Build a little propeller using a brass rivet as a compass-needle-like bearing and two pieces of lightweight wire. Make opposing 90°
bends a the ends of the wire. Using a wire or other pointed as the high-voltage electrode, balance the rivet on the electrode. Apply
power to the Tesla coil and watch your propeller spin.
You can use a Tesla coil to power a "Jacobs Ladder". Mount two heavy-gauge, uninsulated wires so that they are isolated from ground and
each other, and so that they diverge (angle away from each other). Using jumpers, connect one wire to the Tesla coil's high-voltage
electrode and the other to ground. Pwer up the Tesla coil and a spark will form at their closest point. the spark's own heat will
carry it upward until the distance become too large and it opens. Whe that happens, a new spark forms at the bottom.
There are many other exiting experiments that you can try. for instance, plasma globes and Plucker tubes (evacuated glass tubes made
conductive by the addition of small amounts of rare gasses; at one time, these were used by "healers" against all sorts of diseases, can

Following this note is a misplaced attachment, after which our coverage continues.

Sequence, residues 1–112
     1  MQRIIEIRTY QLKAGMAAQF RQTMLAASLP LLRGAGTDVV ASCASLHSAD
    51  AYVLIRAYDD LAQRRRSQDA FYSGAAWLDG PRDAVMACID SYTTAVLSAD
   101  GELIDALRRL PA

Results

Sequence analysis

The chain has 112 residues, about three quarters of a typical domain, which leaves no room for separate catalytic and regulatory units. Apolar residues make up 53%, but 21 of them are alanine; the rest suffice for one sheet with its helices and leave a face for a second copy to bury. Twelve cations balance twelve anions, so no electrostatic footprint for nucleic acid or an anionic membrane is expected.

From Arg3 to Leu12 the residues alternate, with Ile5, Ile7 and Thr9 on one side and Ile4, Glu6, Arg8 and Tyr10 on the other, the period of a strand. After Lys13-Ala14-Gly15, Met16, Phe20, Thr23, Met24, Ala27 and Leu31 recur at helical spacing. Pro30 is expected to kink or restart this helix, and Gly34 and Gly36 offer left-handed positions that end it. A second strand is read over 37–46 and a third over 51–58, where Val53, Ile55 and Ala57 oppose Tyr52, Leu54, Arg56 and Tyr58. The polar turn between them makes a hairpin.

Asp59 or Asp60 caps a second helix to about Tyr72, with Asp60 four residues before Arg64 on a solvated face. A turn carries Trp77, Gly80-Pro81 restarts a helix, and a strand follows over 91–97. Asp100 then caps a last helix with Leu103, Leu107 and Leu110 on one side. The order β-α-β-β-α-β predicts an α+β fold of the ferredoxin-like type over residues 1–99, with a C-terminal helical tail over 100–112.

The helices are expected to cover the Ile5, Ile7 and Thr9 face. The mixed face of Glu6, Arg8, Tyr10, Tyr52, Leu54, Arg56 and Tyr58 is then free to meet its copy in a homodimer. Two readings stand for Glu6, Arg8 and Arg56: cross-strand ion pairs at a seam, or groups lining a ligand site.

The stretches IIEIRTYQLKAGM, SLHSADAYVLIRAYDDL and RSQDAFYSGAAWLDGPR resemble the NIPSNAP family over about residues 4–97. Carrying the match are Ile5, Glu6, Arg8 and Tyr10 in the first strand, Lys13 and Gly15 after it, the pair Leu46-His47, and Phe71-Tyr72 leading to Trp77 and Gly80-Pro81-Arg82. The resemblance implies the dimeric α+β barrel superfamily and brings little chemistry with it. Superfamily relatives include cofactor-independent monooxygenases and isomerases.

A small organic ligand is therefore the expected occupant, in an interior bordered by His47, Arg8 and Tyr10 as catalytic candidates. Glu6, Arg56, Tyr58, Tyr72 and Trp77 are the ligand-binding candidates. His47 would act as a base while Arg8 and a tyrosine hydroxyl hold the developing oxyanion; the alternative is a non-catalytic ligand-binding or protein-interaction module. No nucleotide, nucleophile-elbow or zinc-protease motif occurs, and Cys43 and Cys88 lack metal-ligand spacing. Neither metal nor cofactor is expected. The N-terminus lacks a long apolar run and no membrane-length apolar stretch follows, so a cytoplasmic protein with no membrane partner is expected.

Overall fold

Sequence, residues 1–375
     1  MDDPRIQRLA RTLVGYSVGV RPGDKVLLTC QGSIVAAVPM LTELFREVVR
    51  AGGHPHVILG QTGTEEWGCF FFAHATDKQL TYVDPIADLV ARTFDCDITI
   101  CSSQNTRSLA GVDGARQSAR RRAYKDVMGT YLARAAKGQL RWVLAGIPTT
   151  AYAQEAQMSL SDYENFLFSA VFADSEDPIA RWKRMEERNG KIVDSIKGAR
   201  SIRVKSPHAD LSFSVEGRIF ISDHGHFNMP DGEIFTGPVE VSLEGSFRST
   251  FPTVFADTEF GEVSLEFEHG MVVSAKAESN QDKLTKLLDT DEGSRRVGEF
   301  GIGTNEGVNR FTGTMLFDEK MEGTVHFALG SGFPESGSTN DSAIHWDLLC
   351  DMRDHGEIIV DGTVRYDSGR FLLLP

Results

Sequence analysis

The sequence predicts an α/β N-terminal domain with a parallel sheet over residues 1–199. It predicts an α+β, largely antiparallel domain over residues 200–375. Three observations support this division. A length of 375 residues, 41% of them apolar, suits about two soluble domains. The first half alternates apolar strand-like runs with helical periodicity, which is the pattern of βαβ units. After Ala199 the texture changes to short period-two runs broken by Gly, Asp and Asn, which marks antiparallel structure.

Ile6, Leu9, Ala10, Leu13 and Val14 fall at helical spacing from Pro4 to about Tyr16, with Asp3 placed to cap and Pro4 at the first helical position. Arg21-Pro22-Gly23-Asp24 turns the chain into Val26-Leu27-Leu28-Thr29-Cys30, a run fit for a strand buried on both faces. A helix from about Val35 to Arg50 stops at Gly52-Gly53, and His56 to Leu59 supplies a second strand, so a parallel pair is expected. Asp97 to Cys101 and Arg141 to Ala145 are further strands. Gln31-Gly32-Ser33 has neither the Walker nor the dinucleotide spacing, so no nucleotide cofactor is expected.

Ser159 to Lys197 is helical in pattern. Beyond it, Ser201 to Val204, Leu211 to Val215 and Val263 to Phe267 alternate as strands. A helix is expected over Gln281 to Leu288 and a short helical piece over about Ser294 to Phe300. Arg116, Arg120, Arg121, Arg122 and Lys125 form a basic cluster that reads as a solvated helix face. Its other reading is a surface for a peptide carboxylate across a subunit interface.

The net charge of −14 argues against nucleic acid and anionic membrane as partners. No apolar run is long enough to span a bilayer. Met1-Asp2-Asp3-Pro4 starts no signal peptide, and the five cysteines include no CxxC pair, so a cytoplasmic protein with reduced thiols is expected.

be driven by Tesla coils. However, whatever you try, remember to trat your Tesla coil with repect!
Parts List for the Tesla Coil:
Copyright and credits:
C1 = .003-.005uF, 15,000-WVDC, ceramic capacitor, see text.
L1 = 8uF, 10A, heavy -duty hash-choke, see text.
L3 = 400-500 turns, 24-gauge (#24) magnet wire, see text.
T1 = 5000 volt, 20mA, dual secondary, oil-burner transformer, see text!
F1 = 10 amp fuse
S1 = SPST power switch
PVC pipe (see text), 3-terminal AC line cord, 1-inch diameter brass or aluminum rod stock, metal doorknob (for high-voltage electrode),
plastic cup, candle wax, paraffin wax, or bees wax, wire, solder, hardware, etc.
This article was originally written by Ralph A. Hubscher and published in "Popular Electronics" in September 1990 by Gernsback
Publishing, (Gernsback Publishing is sadly no longer in business since January 2000). All drawings, photos, pictures, and other
material copyright (C) Tony van Roon, unless otherwise noted.
Editor's note and Disclaimer:
This device is presented here for educational and experimental purposes only as part of our High-Voltage Projects.
Build and/or use at your own risk. The Sentex Corporation of Cambridge Ontario, host of "Tony's Website", or Tony
van Roon himself, cannot be held liable or responsible or will accept any type of liability in any event, in case
of injury or even death by building and/or using or misuse of this device or any other high-voltage device posted
on this web site. By accessing, reading, and/or printing this article you agree to be solely responsible as stated
in the above disclaimer.
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Copyright © 2005 - Tony van Roon